Winning Essay for the "Flight of Aces"

It is a program meant to reconnect Long Islanders with their heritage. The essay to be submitted needed to detail how a friend or family member served our nation. The winner and his (in Julia's case, her) "hero" would be eligible to win a free flight in an historic 17G Flying Fortress or a B-24J Liberator on Labor Day weekend from Republic Field, Long Island.

Margaret Helburn Kocher

by Julia Lauria Blum

Some 53 years following the end of World War II, Margaret (Helburn)  Kocher of Douglaston Queens, now views her contribution to the American mobilized war effort of the 1940's, as a significant, yet, distant experience.

sideflag.gif (2828 bytes)As one of our nation's first women trained to pilot military aircraft, she reflects upon her extraordinary service to the country as a Woman Airforce Service Pilot (WASP), with humility and graciousness.

Margaret "Peg" Kocher's recollections of WWII unfold to reveal herself as a young woman who had provided her skills as a pilot to the United States Army Air Forces (AAF) when it faced a critical shortage of qualified male pilots needed to fill combat pilot positions abroad. By performing essential flying tasks on the homefront, she was one of just over 1,100 civilian women pilots who flew for the AAF between 1942-1944 and whose efforts helped train and release male pilots for overseas duty as the war escalated.

Originally from Massachusetts, Margaret Helburn first had the opportunity to learn to fly in 1941 when she entered Harvard's Civilian Pilot Training Program. CPT was offered through universities all over the country, in an effort to produce more pilots and thus, strengthen the force of the U.S. Air Corps. One woman per class of 10 men was allowed into CPT and Margaret would be one of the students who successfully completed the program.

By 1943, Margaret would log the required certified flight time to be a candidate for the Women's Pilot Training Program, an organization later known as the WASP or Women Airforce Service Pilots, which she was subsequently recruited into that same year. She attended the training facility at Avenger Field, in the dusty town of Sweetwater, Texas. It seemed like the ends of the earth for a girl from the East Coast, but it was there that she completed an intensive training program that covered three phases-military, ground school and flying.

Although WASP graduates were hired on civilian status (with the possibility of militarization, which was eventually approved by Congress in 1977), Army orders directed them to air bases throughout the U.S. to ferrying and training commands. In October of 1943, WASP Helburn graduated from Sweetwater and was assigned to the Flight Training Command at South Plains Army Air Base in Lubbock Texas. She was trained to tow CG-4A gliders while piloting a Lockheed C-60 at low altitudes and mostly at night.

Towing the gliders helped train and prepare male glider pilots and troops for proposed air drops over European battle zones, therefore, avoiding radar and visual detection.

In 1944, Helburn attended the AAF Strategic Command School in Orlando, Florida. She was assigned to Eagle Pass Army Air Base, Texas as WASP squadron leader. Eagle Pass was an Advanced Gunnery School where anti-aircraft gunnery practice was provided to male trainees. Due to the hazardous and often tedious nature of this work, male pilots were often reluctant to perform this type of duty, as well as skeptical to have a woman perform the task. The job required Helburn to fly with a long strip of fabric attached to the airplane by a long tow-line. The fabric sleeve would be unfurled from the rear of the plane and trainees would fire live ammunition at it for either ground to air or for air to air gunnery practice. Within a short time, the skills and proficiency of Helburn and her squadron were duly acknowledged and accepted at Eagle Pass.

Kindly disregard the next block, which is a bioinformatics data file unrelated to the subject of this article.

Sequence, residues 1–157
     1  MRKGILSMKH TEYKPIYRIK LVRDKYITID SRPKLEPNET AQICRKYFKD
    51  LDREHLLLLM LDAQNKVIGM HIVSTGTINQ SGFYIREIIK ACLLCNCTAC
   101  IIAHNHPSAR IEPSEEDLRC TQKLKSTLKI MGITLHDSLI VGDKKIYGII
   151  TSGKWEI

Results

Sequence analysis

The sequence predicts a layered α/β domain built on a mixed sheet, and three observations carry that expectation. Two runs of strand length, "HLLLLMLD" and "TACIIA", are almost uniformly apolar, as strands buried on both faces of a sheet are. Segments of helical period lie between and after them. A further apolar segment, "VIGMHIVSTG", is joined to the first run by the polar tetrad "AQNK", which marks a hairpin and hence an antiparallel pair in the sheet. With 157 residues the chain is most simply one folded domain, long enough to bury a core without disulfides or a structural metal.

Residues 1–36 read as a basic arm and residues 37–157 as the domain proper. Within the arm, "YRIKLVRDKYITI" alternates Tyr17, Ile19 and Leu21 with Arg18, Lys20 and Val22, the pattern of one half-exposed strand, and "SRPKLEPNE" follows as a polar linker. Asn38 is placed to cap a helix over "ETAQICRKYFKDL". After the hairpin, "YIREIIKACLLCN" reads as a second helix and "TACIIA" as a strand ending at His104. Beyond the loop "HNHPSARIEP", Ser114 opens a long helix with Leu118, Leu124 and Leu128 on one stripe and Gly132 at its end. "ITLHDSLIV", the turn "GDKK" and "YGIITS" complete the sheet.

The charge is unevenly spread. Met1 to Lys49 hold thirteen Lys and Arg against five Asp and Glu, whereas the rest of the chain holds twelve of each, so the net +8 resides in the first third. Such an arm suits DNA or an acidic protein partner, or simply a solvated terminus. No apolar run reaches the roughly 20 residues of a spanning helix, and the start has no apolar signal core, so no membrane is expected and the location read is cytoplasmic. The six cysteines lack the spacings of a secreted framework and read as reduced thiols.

When the Allied Forces began winning the war in Europe, male pilots began to return home. The availability of these pilots signaled the end of the WASP program and deactivation was issued, albeit abruptly, effective December 1944.

Margaret Helburn had served her country well as a Woman Airforce Service Pilot, and in a remarkably brief time period. Although piloting jobs were difficult to come by for a woman toward war's end and after, Helburn was hired as a pilot by Republic Aviation in Farmingdale to work on an experimental amphibian aircraft, known as the Seabee. She also took part in the testing of innovative designs involving automobile accident safety and injury reduction, many of the innovations continue to be used today. For over 20 years, Margaret (Helburn) Kocher worked in the Foreign Service with her husband. After becoming a mother of 4, she only occasionally got the opportunity to fly small private planes. She still, however, recalls the opportunities that flying had given her and remembers the feel of the wind in her hair.


While recently lunching with Margaret Kocher, I asked her how she would feel about flying in a military WWII airplane again after 55 years. She responded, "Well, my eyes and my ears and my reflexes aren't what they used to be, but as a passenger…..that would be delightful! Unlikely, though." And only to myself, I thought, "Maybe you will." The waiter came over to our table and I asked him to take a photo of Peg and me, as I asked her, "Feel like a celebrity?" She answered only with a smile and as I looked into this fine, elderly woman's eyes that have seen so much of life, I said to her, smiling back, "Everyone has their hero."


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